Sprint Nextel Corp. (S), the third- largest U.S. wireless operator, said it plans to sell $2 billion in notes to help pay for refinancing, network upgrades and possible funding for its wireless partner Clearwire Corp. (CLWR)
Sprint will sell notes due in 2017 and 2020 through a private placement, according to a statement today. The sale, to be completed March 1, includes five-year notes at 9.13 percent and eight-year debt, which will be guaranteed by Sprint units, at 7 percent, the Overland Park, Kansas-based company said later in a separate statement included in a regulatory filing.
Sprint raised $4 billion through a debt offering in November to help with network spending and financing for Clearwire. The return trip to capital markets shows Sprint is raising cash to cover the growing costs of upgrading its wireless network to higher-speed technology and selling mobile devices that require subsidies, such as Apple Inc. (AAPL)’s iPhone. Sprint, which has lost money for the last five years, is struggling to compete against larger rivals AT&T Inc. and Verizon Wireless.
The move comes after Sprint’s board voted down a possible acquisition of the smaller MetroPCS Communications Inc. (PCS), a person familiar with the plan said last week. The board decided the stock and cash transaction, which may have cost as much as $8 billion including debt, would have been too expensive given the current level of Sprint’s stock price.
Sprint rose 3.2 percent to $2.55 at the close in New York. The stock has dropped 41 percent in the past 12 months.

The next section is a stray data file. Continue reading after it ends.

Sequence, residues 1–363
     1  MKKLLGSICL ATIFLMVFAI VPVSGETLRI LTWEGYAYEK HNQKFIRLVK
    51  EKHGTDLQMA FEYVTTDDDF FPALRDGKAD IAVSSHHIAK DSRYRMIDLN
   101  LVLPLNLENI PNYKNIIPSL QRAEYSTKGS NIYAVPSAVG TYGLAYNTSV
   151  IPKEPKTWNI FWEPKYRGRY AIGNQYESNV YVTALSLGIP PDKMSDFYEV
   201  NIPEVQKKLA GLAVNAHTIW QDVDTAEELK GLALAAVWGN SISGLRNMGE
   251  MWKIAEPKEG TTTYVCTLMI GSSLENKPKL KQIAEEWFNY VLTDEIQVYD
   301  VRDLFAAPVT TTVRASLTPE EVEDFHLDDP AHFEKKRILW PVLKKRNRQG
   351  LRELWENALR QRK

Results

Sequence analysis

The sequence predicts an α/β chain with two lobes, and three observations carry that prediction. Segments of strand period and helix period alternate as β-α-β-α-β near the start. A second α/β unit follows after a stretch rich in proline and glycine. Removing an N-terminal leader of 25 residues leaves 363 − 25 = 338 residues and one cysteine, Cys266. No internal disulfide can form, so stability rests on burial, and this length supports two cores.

The carrier has a four-year $15.5 billion commitment to pay Apple for the iPhone and in its annual report filed today, Sprint says it has $29.5 billion in additional payment commitments though 2017.
Sprint is graded B1 with a “negative” outlook by Moody’s Investors Service and an equivalent B+, also with a “negative” outlook by Standard & Poor’s, according to data compiled by Bloomberg.
The last time Sprint sold eight-year notes was in August 2009, when it issued $1.3 billion of 8.375 percent securities due in August 2017, Bloomberg data show. The debt was assigned a Ba2 from Moody’s at the time.
Today’s eight-year debt is expected to have a Ba3 grade and BB- from S&P, said the person with knowledge of the offering. The five-year debt, which is not guaranteed, is expected to be rated B3 by Moody’s and B+ by S&P, the person said.
The securities due August 2017 traded at 98.3 cents on the dollar to yield 8.78 percent as of 1:01 p.m. in New York, according to Trace, the bond-price reporting system of the Financial Industry Regulatory Authority.
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